Next meeting: Handel

The next and last meeting of the current programme of the Society is a presentation by Tim Rowe of the music of Handel.  Starting at 7:30 on May 13th as usual it is entitled intriguingly: Pebbles to Polished Diamonds.  

This has been an excellent programme this year and Tim’s evening promises to be a good coda.

Easy parking to the rear.

Next meeting – the trumpet

The next meeting of the Salisbury Recorded Music Society will be held on Monday 1st April 2019 at 7.30pm in our usual venue, when Ed Tinline will be presenting  The trumpet (and other brass) shall sound – a focus on the brass section from Handel onwards.  Given the date, although it will be a bit late in the day for tricks as such, Ed hopes to include a little musical humour during the evening.

We hope to see you on Monday.

Sir Charles Mackerras

The last meeting of the Society was a presentation by Anthony Powell of the conducting of Sir Charles Mackerras illustrated by extracts from some of his recordings.  Mackerras was born in Schenectady in USA to Australian parents but they returned to their home country when he was two to live in Sydney.

He was a precocious talent and wrote a piano concerto when he was 12.  His parents were not convinced a musical life would be a viable profession so sent him to The King’s School with its focus on sport and discipline hoping that he would pursue a different career.  It was not to be and at the age of 16 went to the New South Wales State Conservatorium of Music where he studied oboe, piano and composition.

Vaclav Talich

At 19 he was the principal oboist with the ABC Sydney Orchestra.  A few years later he sailed for England and began his career at the Saddlers Wells Theatre.  He studied conducting with Vaclav Talich (pictured) in Prague and returned to resume his career at the English National Opera.

There then followed a distinguished career with a variety of famous orchestras including the BBC Concert Orchestra; Covent Garden; the Met and the Sydney Symphony Orchestra.  He was the first non Briton to conduct the BBCSO at the Proms.

Tony selected a wide range of his conducting and started with a piece by Sir Arthur Sullivan followed by a piece by Delius: Paris: the song of a great city first performed in 1899 in Germany and this recording with the Liverpool Philharmonic.

Mackerras had a great attachment to Czech music – indeed he spoke the language fluently – and we heard the Symphonic poem: the Noonday Witch by Dvorak.  This was followed by an extract of the familiar Sinfonietta by Janacek.

The classics were not neglected and two movements from Mozart’s Symphony No. 32 in G major performed with the Scottish Chamber Orchestra.  Then it was Beethoven’s seventh followed by Shostakovich’s Symphony No. 5.  All these extracts illustrated the close attention to rhythm and pace which Mackerras had.  This was particularly illustrated by an extract from Stravinsky’s The Rite of Spring, a piece of great energy and requiring great skill to keep the orchestra together.  This was an electrifying performance.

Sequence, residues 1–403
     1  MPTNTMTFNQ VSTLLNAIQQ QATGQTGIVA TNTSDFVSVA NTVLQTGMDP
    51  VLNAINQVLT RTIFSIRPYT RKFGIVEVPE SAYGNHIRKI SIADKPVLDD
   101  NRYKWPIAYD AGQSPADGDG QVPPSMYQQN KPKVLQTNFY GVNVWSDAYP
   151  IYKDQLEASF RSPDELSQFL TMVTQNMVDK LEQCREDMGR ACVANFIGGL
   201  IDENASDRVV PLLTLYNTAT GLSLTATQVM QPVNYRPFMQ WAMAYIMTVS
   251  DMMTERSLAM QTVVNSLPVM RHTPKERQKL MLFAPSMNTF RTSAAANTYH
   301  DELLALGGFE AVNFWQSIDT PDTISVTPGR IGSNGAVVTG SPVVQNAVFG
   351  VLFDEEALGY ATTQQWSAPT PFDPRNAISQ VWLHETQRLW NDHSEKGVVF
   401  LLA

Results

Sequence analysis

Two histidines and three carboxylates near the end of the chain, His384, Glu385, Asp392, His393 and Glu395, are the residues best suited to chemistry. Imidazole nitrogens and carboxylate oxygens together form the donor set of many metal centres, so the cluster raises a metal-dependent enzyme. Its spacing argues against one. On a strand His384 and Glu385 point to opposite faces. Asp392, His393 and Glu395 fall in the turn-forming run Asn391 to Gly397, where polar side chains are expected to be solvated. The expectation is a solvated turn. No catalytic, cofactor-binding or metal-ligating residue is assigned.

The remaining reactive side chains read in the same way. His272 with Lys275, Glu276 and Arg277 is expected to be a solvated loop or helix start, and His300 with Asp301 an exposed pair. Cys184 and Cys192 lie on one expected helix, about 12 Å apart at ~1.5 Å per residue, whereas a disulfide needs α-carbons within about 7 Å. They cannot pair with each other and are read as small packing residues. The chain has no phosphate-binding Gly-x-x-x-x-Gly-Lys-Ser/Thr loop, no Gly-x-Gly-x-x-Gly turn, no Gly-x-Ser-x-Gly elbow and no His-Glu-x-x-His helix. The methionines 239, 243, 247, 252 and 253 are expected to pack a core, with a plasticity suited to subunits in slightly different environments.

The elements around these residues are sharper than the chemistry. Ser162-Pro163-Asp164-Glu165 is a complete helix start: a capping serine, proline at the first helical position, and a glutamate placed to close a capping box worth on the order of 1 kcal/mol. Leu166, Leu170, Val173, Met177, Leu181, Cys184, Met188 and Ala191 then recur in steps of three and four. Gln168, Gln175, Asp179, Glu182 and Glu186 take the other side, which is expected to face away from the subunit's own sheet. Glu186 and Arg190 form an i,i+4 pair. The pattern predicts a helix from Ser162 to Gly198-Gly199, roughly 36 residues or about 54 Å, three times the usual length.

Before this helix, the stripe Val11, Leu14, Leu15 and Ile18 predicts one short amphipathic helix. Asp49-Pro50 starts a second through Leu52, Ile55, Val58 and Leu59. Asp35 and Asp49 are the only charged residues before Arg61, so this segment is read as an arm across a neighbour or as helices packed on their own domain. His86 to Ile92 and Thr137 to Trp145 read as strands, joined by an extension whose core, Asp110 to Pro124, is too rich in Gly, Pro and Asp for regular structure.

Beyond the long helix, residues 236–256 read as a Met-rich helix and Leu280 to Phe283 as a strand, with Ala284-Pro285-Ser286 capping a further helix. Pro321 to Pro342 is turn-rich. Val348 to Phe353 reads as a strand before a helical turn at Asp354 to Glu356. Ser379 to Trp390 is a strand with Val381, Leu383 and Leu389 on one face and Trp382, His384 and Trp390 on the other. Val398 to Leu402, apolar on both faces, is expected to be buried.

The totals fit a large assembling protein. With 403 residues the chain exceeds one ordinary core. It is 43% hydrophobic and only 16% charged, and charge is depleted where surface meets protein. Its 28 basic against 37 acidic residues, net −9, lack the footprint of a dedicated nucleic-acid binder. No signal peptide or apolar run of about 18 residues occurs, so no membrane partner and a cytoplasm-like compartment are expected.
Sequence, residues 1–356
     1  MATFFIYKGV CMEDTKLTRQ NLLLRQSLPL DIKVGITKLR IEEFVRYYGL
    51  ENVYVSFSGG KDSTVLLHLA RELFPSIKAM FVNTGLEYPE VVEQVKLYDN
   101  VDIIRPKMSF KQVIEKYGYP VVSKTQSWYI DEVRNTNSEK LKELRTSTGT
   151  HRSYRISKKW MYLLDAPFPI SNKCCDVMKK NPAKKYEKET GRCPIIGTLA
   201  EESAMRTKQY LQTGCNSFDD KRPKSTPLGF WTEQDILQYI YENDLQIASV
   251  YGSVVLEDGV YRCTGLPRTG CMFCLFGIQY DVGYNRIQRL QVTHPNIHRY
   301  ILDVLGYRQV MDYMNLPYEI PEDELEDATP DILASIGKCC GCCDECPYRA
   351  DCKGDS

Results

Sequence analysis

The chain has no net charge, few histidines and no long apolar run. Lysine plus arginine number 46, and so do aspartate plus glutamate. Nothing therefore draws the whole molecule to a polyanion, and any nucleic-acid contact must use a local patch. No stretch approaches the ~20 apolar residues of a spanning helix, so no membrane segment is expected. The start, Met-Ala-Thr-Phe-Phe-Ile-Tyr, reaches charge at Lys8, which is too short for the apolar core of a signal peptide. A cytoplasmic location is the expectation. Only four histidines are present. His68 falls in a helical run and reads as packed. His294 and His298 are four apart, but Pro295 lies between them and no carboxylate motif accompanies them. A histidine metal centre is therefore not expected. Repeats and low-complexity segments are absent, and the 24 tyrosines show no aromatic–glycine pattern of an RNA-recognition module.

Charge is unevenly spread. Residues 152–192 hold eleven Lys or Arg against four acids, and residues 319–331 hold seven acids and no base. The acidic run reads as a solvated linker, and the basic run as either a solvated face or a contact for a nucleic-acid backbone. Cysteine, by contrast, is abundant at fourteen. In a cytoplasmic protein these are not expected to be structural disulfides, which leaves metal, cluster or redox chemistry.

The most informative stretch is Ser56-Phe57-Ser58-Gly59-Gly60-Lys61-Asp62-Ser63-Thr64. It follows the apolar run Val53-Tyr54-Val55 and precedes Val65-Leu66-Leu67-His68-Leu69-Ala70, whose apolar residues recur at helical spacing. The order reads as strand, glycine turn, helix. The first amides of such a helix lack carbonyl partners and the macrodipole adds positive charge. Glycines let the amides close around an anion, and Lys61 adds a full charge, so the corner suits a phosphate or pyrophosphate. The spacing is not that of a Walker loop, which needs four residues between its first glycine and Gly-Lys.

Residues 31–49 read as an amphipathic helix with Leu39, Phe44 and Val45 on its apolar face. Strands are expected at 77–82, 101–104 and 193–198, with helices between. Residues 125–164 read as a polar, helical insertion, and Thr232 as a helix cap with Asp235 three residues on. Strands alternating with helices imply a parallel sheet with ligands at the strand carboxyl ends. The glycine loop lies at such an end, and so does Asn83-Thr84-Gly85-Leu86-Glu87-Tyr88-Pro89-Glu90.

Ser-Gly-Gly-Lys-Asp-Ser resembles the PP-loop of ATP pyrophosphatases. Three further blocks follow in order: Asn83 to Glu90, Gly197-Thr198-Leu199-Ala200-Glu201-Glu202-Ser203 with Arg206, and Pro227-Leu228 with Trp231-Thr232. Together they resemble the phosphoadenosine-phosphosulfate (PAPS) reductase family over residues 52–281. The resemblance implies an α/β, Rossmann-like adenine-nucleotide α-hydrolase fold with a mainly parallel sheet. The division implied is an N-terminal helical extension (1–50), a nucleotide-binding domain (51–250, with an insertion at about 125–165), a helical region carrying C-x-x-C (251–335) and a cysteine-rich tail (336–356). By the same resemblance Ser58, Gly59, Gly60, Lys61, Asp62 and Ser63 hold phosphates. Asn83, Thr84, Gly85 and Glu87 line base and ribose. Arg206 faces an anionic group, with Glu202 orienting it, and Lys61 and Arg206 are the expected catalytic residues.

To record Handel’s Messiah using no less than 26 oboes were needed – which is what the composer required – meant it had to be done at night finishing in the small hours.  After the final scene of Janacek’s Jenufa we heard the final movement of Mahler’s Symphony No. 5, again with the Royal Liverpool Philharmonic Orchesta.

The range of this conductor’s performances was well illustrated and the pieces carefully chosen to give good examples of his style and ability.  Sir Charles died in 2005.  He had received many honour including a CBE; Medal of Merit from Czech Republic and was made Honorary President of Edinburgh International Festival Society.


Next meeting on May 9th and is a member’s evening

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Live evening

David Davies and friends performed live for the Society on Monday and their programme was as follows:

Ciaccona from Sonata da Camera Op 2 No 12
Arcangelo Corelli (1653 – 1713)
Allegro moderamente from Sonata Accademiche Op 2 No 9
Francesco Maria Veracini (1690 – 1768)
Sonata Op 5 No 4 Gottfried Finger (1660 – 1730)
Adagio – Allegro – Adagio – Allegro
Contrapuntus 9 from Art of Fugue Johann Sebastian Bach (1685 – 1750)
Sonata Prima Johann Philipp Krieger (1649 – 1725)
Grave – Poco Presto – Adagio – Presto – Affetuoso – Presto
Andante from Sonata 1 Op 2 Georg Frideric Handel (1685 – 1759)
Duetto for violin and viola Christian Cannabich (1731 – 98)
Two Passepieds from Premiere Recreation de Musique Op 6
Jean-Marie Leclair L’Aine (1697 – 1764)
Sonata 2 William Boyce (1710 – 79)
Andante vivace – Adagio – Allegro – Allegro ma non troppo
For your diary: Salisbury Baroque, with vocal soloists, will be giving a concert in
Wilton Parish Church on Sunday 6 March at 6pm. This will include Bach – Cantata
102, Dall’Abaco – Concerto for 2 flutes and Telemann – Die Tageszeiten. Full details
There is an emailing list for information about early music in the area. If you would like to join it, please email davidracheld@gmail.com